In my experience, one of the weakest points in innovation workflows is the formulation of a powerful challenge. Challenges are defined more specifically just before teams start to ideate solutions, and it is crucial to provide a framework so that you can bring the team together and align impact and approach.
We face many complex challenges daily, however, there is a difference between the ones that we already know how to solve (technical challenges) and the ones we don’t know how to solve yet (adaptive challenges) as explained in the great book Moments of Impact, which I loved to read at the moment of my struggle with challenge management:
“Adaptive challenges are messy, open-ended, and ill-defined. In many cases, it’s hard to say what the right question is — let alone the answer. Many of the most important strategic challenges that organizations wrestle with today are adaptive challenges. It’s nearly impossible for anyone senior executive — or small leadership team — to solve adaptive challenges alone. They require observations and insights from a wide range of people who see the world and your organizations differently. And they require combining these divergent perspectives in a way that creates new ideas and possibilities that no individual would think on his or her own.” (Ertel and Solomon, 2014).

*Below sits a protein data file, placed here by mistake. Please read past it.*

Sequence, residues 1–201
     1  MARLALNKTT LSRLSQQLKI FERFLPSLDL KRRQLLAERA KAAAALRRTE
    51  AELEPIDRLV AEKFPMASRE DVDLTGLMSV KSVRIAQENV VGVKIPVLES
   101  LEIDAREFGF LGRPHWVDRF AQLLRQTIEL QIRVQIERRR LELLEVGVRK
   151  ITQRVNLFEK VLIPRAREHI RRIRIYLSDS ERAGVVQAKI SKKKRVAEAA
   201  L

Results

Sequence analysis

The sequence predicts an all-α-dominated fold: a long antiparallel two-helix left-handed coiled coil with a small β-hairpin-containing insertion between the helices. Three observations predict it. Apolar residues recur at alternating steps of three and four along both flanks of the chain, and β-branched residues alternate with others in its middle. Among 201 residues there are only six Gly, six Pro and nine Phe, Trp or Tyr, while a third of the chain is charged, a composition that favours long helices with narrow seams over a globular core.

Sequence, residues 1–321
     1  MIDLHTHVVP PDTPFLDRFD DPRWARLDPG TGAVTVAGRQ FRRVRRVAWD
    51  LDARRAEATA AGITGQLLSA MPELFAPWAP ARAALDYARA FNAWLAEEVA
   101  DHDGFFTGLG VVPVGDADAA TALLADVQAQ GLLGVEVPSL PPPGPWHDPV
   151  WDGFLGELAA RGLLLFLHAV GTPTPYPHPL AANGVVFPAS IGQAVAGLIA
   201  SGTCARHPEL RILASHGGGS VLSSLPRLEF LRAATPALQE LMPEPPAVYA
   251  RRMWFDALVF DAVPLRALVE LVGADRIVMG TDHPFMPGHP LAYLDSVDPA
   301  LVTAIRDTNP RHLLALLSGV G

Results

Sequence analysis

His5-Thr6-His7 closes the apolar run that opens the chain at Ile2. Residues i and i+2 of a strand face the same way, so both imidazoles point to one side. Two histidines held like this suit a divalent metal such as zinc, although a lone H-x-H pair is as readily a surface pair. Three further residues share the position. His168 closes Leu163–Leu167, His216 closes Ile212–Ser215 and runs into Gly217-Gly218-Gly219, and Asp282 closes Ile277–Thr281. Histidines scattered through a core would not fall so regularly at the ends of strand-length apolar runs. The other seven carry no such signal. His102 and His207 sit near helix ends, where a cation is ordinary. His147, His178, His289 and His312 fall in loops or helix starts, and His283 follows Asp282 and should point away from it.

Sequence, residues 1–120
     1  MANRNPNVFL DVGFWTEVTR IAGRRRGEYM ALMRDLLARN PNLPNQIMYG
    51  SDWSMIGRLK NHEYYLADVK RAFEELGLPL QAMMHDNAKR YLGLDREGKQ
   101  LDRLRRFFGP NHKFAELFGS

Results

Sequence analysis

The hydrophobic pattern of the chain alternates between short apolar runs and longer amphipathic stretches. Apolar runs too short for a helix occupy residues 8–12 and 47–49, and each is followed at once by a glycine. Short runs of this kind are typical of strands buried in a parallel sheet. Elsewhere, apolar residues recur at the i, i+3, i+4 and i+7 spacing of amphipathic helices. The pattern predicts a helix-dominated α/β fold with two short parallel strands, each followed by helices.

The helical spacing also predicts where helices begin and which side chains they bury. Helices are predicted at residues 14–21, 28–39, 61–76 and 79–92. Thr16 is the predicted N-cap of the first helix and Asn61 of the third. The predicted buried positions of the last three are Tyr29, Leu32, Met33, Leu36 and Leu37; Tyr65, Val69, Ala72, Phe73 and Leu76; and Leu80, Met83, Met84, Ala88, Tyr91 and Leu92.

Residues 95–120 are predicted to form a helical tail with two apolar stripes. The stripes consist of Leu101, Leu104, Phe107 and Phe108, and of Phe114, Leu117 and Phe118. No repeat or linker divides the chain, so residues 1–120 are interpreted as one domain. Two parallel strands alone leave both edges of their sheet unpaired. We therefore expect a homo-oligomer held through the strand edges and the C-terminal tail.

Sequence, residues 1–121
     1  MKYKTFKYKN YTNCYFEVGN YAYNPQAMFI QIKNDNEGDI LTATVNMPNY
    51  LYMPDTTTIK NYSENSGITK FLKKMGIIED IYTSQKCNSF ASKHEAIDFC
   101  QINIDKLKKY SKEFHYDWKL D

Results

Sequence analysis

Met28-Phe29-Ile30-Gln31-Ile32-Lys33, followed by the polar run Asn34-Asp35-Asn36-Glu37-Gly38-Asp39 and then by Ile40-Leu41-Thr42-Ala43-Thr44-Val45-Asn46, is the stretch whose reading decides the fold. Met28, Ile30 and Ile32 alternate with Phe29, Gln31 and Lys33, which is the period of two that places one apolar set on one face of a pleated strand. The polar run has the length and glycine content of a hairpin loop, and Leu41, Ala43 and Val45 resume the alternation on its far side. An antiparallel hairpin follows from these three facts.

Whether it was for strategic work or for the design of a new product or service, I needed a tool to frame challenges so that teams could compile, align, discuss, and synthesize actionable knowledge before starting to ideate solutions for certain messy problems or situations.
It ended up being a design canvas.
Why a canvas is a great tool for collaborative thinking?
Strategic designers, and also design-minded professionals, like to use a design canvas to compile knowledge on one page. The reasons are at least the following:
- One page is space reduction: It forces you to write better, keeping just the relevant information and using the language that is easy to understand.
- One page is time-saving: It helps readers to consume the important information quicker and with enhanced focus.
- One page is a whole of its parts: Design canvases are composed of blocks or pieces and presented deliberately in a certain layout that makes relationships and associations emerge.
- One page is scalable: You can print it in big format and work with your team in the studio or in a workshop style meeting.
A perfect example of a popular canvas is The Business Model Canvas (by Alex Osterwalder), which is used to quickly and easily define and communicate a business idea or concept.
The Challenge Canvas
After several months of working on the topic of innovation challenges, and having studied other tools on the internet, I came up with these two ideas that should be tackled when dealing with challenges:
- Many times we go fast when we shouldn’t